Fuel economy is the primary motivation for buying a clean diesel, and as we outlined in our previous 2014 Volkswagen Passat TDI long-term update, there are plenty of engine technology advancements that have made modern diesels virtually indistinguishable from their gasoline-powered counterparts. Does that mean clean diesels always match their claimed fuel economy numbers? We recorded real-world figures to find out.
As we’ve outlined in our introductory 2014 Volkswagen Passat TDI long-term article, this German sedan is rated at 31 miles per gallon in the city and 43 mpg on the highway with the 6-speed manual transmission and an even 30 mpg city/40 mpg hwy when equipped with the dual-clutch automatic transmission. It’s easy to dismiss official fuel economy ratings as unrealistic, especially since some manufacturers have endured public criticism after being exposed for having exaggerated mpg ratings, so we recorded the results of our real-world driving and compared them against the 2014 Volkswagen Passat TDI’s Environmental Protection Agency (EPA) estimates.
We’ve been piling on the miles so far in our 2 months with the Passat, putting over 5,300 clicks on the odometer under a variety of driving conditions from slow city crawls to constant-speed highway runs. During that time, we’ve pulled an average of 35.6 mpg, which lands the Passat’s real-world numbers slightly above its official combined EPA estimate of 34 mpg. More impressive than that number is the fact that we haven’t been driving our TDI particularly gently but rather in a normal (and sometimes brisk) manner that enables us to get from point A to point B without holding up traffic. Conveniently enough, we’ve also managed to average 598 miles from the car’s 18.5-gallon tank before refueling, making visits to the pump few and far between.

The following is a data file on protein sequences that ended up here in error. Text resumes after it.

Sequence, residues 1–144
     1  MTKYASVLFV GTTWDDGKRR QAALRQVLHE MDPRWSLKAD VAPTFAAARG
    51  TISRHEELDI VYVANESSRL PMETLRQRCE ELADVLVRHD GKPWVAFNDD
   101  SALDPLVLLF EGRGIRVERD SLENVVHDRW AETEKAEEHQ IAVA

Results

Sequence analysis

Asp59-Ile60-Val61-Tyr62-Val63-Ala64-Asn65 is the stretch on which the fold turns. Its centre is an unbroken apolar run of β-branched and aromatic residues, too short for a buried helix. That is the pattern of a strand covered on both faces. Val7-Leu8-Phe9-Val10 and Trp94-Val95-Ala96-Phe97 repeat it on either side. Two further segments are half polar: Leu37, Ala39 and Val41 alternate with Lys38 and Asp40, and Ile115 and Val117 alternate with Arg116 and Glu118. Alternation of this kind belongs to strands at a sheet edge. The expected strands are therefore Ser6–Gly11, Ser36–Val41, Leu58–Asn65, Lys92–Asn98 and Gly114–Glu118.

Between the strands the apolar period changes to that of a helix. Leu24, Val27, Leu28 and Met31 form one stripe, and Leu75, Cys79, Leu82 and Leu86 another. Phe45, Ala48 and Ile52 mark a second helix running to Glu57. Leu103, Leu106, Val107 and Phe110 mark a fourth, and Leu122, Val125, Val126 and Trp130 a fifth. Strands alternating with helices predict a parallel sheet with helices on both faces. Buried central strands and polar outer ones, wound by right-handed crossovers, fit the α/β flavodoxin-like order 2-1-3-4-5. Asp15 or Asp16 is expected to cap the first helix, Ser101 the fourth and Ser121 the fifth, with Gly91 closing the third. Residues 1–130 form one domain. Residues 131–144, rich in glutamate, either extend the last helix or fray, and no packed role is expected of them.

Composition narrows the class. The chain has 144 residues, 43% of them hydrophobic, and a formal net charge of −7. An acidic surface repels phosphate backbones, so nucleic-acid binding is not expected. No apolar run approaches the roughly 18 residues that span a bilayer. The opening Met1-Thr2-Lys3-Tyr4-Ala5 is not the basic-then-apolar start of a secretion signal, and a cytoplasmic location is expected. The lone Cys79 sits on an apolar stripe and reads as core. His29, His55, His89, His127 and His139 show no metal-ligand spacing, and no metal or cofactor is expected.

When cruising at 70 miles per hour or so, the indicated instant fuel economy has tended to creep into the high 40s, suggesting that the Passat TDI’s tall sixth gear and favorable aerodynamic drag coefficient of 0.29 might help it perform considerably better on a road trip. That info makes us eager to plan our next excursion.
The Cost of Entry
Real-world fuel economy in the mid-30-mpg range is certainly attractive for a midsized sedan, but that number becomes less attractive when the cost of entry is high or diesel prices soar above those for standard gasoline. As for the Passat’s pricing structure, it’s hard to compare apples to oranges because its gasoline versions come equipped with different trim levels. As such, the TDI lies smack in the middle of the 4-model Passat lineup: The 1.8T model starts at $20,995, while the middle-range Sport Edition 1.8T’s $26,475 starting price barely undercuts the TDI’s by $200. The top-end gasoline-powered V6 comes in at $29,665.
As for the cost of filling up, current market trends suggest that it’s a good time to go clean diesel: We’ve consistently seen diesel priced anywhere between 10 and 40 cents cheaper per gallon compared to regular unleaded prices, which makes the elevated mpg figures translate to even greater long-term savings.
What Lies Ahead
Based on our time with the Volkswagen Passat TDI so far, we’ve been pleasantly surprised at its ability to deliver decent performance while pulling exceptional fuel economy figures. In our remaining months with the car, we’re hoping to explore how well our silver sedan can do on long-distance drives and how fuel economy is affected by exclusively driving in the city.
Stay tuned to see how the Passat TDI delivers on both fronts.